Slightly off topic as it’s not about software, but might be of interest as you mentioned data analysis, and back in 2009 Cennydd posted about how useful it is for people to understand statistics: Udacity has a free Statistics 101 course which is good.

  4. Hi Leisa, thanks for the interesting post. I always find it interesting to get a look into other peoples processes.
    My question though is one about your categories B & C in UX design tools. What can Keynote (and Powerpoint ) do that Omnigraffle can’t? Personally I use Omnigraffle as my main tool and know it pretty well, but I am confused when I see quite a few people recently talking up Keynote as a prototyping tool.
    I imagine I must be missing something as it seems just less useful than Omnigraffle. I can kind of understand prefering Axure for complicated prototypes (I would prefer HTML/CSS/JS at that point), but Keynote seems a step down in capability.
    At the very least Omnigraffle is a peer for your categories B & C. I’m not trying to judge your choices more than just not understanding this recent trend, what do you think?

    1. My understanding is that people find Keynote much easier to wrangle than Omnigraffle and find it easier and faster to get a good result, especially for interactive prototypes, than Omnigraffle.

      I have to say, I haven’t used it a lot for this purpose, except when I need to co-create a prototype with a client who doesn’t use Omnigraffle or Fireworks (and they need to be able to edit it). It’s also relatively good for mobile/tablet prototyping (using some of the good stencils that are available).

      Horses for courses tho – I’m mostly reporting what I’m seeing/hearing here rather than my own personal choice.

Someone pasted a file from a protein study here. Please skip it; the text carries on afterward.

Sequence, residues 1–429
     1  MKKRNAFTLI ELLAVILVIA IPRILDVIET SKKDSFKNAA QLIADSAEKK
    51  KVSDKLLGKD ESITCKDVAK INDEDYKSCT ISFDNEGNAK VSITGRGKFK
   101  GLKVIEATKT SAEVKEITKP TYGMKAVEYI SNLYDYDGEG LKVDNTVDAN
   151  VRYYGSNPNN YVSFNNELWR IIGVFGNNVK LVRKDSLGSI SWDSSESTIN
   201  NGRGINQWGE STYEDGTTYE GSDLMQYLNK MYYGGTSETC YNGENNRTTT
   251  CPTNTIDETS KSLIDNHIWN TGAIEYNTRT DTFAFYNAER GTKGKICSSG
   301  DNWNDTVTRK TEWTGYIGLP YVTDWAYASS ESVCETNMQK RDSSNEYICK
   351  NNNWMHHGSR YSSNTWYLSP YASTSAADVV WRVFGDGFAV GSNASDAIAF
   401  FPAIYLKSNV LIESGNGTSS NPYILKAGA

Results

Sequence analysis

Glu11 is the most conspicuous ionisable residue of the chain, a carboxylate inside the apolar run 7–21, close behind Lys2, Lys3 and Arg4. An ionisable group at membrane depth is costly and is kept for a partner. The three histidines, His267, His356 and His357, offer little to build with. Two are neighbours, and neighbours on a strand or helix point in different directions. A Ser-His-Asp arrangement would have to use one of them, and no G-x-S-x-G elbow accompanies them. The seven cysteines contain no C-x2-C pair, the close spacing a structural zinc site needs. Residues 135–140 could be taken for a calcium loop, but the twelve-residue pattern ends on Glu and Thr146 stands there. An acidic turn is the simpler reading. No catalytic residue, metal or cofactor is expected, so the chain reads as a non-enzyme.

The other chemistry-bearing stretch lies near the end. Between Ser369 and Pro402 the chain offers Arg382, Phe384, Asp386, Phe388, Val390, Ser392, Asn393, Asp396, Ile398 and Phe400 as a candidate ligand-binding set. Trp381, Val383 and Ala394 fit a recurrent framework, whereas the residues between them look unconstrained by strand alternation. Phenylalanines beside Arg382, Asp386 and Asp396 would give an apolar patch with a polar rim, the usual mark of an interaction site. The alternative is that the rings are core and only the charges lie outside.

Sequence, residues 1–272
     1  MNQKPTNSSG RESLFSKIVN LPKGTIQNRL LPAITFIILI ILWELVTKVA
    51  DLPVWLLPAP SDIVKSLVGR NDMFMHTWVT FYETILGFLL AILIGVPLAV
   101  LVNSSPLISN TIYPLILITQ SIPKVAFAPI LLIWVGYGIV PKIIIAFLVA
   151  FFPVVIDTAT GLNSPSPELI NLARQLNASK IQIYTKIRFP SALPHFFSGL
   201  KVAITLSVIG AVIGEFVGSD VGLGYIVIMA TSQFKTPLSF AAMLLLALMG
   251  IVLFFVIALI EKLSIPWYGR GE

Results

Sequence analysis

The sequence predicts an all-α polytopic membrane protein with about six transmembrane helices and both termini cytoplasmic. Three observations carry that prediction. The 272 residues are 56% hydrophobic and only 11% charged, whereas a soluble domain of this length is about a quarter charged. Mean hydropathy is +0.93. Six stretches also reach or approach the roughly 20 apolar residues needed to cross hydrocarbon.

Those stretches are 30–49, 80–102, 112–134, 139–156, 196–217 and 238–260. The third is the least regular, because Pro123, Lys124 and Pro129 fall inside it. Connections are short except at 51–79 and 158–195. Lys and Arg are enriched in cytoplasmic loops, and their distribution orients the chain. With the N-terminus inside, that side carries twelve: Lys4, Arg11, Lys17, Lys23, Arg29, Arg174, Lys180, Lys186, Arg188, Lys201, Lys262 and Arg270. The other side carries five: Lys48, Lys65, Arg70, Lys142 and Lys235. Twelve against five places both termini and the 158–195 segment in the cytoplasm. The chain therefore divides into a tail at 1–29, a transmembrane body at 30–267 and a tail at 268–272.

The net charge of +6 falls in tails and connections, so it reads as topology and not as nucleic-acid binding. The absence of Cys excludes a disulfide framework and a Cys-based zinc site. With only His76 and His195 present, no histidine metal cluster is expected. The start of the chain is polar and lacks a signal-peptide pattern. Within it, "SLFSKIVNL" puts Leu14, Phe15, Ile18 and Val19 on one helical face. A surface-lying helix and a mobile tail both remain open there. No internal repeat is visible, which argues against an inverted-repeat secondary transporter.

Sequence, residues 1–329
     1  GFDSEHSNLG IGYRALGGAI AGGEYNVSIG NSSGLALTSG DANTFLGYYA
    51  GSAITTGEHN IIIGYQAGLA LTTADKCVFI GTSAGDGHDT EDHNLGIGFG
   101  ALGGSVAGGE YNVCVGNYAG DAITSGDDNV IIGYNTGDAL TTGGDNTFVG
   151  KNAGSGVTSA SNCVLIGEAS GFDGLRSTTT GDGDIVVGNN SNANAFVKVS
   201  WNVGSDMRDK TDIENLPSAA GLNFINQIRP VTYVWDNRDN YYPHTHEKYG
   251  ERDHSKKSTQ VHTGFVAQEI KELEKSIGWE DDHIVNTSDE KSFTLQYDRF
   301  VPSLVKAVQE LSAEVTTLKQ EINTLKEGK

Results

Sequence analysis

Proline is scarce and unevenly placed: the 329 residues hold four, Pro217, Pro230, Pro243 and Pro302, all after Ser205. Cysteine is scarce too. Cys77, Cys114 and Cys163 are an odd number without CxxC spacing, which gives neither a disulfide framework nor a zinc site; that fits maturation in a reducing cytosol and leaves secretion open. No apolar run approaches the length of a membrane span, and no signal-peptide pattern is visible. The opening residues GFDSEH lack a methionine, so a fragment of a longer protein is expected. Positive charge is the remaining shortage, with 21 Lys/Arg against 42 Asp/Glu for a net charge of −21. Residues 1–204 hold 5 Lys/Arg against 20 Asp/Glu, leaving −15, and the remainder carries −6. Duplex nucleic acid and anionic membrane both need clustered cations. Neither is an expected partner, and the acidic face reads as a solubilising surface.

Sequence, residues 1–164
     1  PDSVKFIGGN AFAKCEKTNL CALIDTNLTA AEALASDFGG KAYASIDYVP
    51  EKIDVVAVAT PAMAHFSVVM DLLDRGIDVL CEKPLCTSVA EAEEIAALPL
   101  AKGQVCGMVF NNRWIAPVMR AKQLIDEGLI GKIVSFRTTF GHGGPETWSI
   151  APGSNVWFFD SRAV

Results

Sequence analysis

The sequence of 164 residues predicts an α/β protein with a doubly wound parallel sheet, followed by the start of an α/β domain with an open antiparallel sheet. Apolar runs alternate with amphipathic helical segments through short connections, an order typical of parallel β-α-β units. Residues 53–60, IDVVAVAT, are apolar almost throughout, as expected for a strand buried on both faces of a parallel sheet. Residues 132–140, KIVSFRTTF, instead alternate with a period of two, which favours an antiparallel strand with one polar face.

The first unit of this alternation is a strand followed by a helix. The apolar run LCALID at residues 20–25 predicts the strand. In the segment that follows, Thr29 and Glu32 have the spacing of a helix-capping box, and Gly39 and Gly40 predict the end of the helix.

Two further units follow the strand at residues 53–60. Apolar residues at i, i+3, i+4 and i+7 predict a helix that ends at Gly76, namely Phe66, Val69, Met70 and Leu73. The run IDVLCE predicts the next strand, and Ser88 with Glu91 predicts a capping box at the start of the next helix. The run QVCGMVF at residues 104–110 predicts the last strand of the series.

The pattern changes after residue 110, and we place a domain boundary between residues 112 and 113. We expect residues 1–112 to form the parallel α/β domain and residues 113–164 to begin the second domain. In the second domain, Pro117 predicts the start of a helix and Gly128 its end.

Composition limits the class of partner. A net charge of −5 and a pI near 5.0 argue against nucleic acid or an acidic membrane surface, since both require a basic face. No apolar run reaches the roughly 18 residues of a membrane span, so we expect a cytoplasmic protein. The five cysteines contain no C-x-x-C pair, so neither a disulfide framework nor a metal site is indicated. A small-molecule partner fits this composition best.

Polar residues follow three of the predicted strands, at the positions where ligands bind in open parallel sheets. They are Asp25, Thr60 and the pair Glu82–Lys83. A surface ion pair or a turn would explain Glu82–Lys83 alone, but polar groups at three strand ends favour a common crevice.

1. Yeah, I keep seeing the same thing with sites like keynotopia and others… But I know both keynote and omnigraffle well, and the tools and stencils for omnigraffle are much better. I keep wondering if people just don’t know how to use omnigraffle, or I am missing something in keynote.

        I like omnigraffle because it is powerful but gives me a lot of freedom. Communicating different concepts at different times requires different tools. I used to use freehand and illustrator for making wireframes and these days often just go with a whiteboard or sketches.

  5. Great post. I’m always interested in the process other UXers are using. For future readers, note that Google Optimizer is currently being phased out in favor of a new Google Analytics feature called Content Experiments.

  6. Don’t forget tools like Loop11 (www.Loop11.com). I couldn’t live without running some iterative usability testing on my wireframes these days.

    I’ve also started running benchmarking studies to ensure the usability of my website remains at a stable level. Running online benchmarking studies are the only way to do this cost effectively.

  7. Hi Leisa,

    I think your quote:
    “Some companies will only hire people who have skills in specific software, eg. Axure. This is idiotic as software is easy to learn, being a good UX designer is the hard part.”

    hits the nail on the head for most of my interview experiences. Its frustrating because I am so eager to learn and make the transition from Usability Consultant to UX designer.